Plastic Ocean: Shopping Bags in HCMC

By: Keely Burkey

Walk into pretty much any store in Vietnam, and the process is generally the same. Bring your items to the counter, pay and receive a plastic bag for transport. Buy a carton of orange juice along with some toothpaste, and you’ll most likely receive two plastic bags: one for the orange juice and one for the toothpaste.

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The convenience might be nice, but the results? Tragic and irreversible.

Trash Vortex

It’s estimated that a staggering 8 million tonnes of plastic is dumped into the ocean every year. At this rate, by 2025, there will be one tonne of plastic for every three tonnes of fish.

In HCMC alone, 8,000 tonnes of garbage is produced daily, and according to VietnamNet, 10 percent of this waste is plastic shopping bags. These have devastating effects on the aesthetic landscape along with marine life in general.

If you haven’t heard of the Great Pacific Garbage Patch – or its more ominous nomenclature, the Pacific Trash Vortex – yet, here’s the ultimate wake-up call: according to a study put out by Greenpeace, no less than 270,000 square kilometres in the central North Pacific Ocean is filled with plastic trash swept together by the ocean’s various currents.

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Captain Charles Moore, the environmental activist who discovered the Great Pacific Garbage Patch, spoke to us about this issue in an interview via Skype. He said that the reliance on plastic goods we’re currently seeing in many ASEAN countries (the biggest plastic polluters, according to The Asian Foundation, are China, Indonesia, the Philippines, Vietnam, Sri Lanka and Thailand) is a byproduct of rapid industrialisation and urbanisation.

“Super rapid development, like we’ve been seeing in Asia, has to leave a lot of issues by the wayside,” he said.

“We now have this permanent detritus, plastic, which doesn’t decompose. And it’s versatile. It packages everything and creates a kind of feeling of wealth amongst a poorer population because it’s things.” But when they photodegrade and break, they don’t simply go away.

Solutions, however, are hard to come by. After all, customers will always demand some vessel to carry products with ease. If not plastic, then what? David Bonnin, co-founder of Direct Imex in HCMC, offers a few solutions.

The small company run out of District 2 provides suggestions to companies looking to switch to more environmentally friendly bags. Around 30 plastic manufacturers currently operate in and around HCMC, and it’s Bonnin’s job to communicate with them about multi-use bags, biodegradable bags or compostable bags. However, each bagging option comes with its own, well, baggage.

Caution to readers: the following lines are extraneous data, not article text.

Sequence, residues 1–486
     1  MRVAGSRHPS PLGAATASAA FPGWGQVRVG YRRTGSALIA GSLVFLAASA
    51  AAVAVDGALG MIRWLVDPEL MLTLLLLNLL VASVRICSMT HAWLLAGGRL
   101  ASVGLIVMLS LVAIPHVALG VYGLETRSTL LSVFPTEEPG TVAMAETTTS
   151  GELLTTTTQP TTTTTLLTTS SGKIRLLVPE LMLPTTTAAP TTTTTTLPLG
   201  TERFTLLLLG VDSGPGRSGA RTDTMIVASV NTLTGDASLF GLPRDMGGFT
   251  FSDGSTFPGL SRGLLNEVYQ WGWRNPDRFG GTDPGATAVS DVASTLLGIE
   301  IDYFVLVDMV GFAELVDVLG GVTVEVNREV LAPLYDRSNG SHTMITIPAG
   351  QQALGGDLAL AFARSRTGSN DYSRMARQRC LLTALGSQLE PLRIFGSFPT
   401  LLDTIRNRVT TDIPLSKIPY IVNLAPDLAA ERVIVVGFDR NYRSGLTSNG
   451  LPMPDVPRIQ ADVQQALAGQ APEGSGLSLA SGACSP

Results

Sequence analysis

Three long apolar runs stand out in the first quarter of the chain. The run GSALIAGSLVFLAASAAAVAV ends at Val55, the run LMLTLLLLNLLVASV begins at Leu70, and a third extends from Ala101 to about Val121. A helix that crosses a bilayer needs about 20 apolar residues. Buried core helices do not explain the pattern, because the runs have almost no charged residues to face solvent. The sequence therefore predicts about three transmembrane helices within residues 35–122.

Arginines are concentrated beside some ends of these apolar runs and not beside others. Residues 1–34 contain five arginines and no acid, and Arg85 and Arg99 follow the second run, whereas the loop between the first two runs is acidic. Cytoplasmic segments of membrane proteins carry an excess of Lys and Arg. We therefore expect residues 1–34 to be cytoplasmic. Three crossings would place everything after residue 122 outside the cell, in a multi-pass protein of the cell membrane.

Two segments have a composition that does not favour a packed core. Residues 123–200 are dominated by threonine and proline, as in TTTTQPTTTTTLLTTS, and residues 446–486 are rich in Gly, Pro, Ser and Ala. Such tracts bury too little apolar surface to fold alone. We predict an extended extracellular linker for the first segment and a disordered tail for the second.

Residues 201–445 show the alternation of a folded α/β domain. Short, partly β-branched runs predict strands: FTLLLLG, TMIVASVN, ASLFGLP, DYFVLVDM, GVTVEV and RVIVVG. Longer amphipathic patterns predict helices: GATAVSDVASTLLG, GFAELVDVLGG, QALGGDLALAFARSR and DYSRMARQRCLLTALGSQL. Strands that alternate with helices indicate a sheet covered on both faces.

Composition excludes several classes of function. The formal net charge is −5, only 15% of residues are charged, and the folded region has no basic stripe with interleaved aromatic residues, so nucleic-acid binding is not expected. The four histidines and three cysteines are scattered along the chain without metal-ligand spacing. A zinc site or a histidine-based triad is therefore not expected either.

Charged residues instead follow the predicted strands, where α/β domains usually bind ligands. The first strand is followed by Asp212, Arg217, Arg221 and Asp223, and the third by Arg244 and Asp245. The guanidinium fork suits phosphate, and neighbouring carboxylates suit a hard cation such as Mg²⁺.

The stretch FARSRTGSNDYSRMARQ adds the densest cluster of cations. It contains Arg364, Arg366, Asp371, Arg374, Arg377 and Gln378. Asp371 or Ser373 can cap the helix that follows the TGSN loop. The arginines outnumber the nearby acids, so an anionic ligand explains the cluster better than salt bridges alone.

No Easy Solution

For example, take biodegradable bags. There’s still a certain amount of plastic that goes into making them, meaning that plastic will still exist for hundreds of years on land or in the ocean, just in smaller pieces. There’s a market for these bags, and in some ways that’s a problem: biodegradable bags look and feel exactly like regular single-use bags, leading some companies to simply stamp “biodegradable” on regular plastic bags to increase their value.

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Compostable bags, on the other hand, are an entirely different animal (or vegetable, as the case may be). The bags made in Vietnam are composed out of a tapioca-based formula, meaning that within six months, these bags will completely dissolve if left in a compostable area. This seems like the perfect solution, but Bonnin regretfully informs us that the complicated production process makes each bag cost twice as much as its biodegradable counterpart, making this product a hard sell.

The best answer? Multi-use bags.

Made from thick plastic, cloth or any other sturdy material, multi-use bags will dramatically cut down on the amount of bags bought and given away. According to Thanh Nien News, a Vietnamese family on average uses more than a kilogramme of plastic bags every month. With a few sturdy cloth or multi-use plastic bags, this alarming number could be brought down to almost nothing.

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The key to making this work, however, is educating consumers. As Bonnin points out, “There’s no use providing multi-use plastic bags if everyone uses them like single-use plastic bags. At that point, there’s more plastic involved so the waste would be even greater.”

With Vietnamese consumers enjoying the manifold conveniences associated with plastic bags, making the switch might be the toughest challenge of all.


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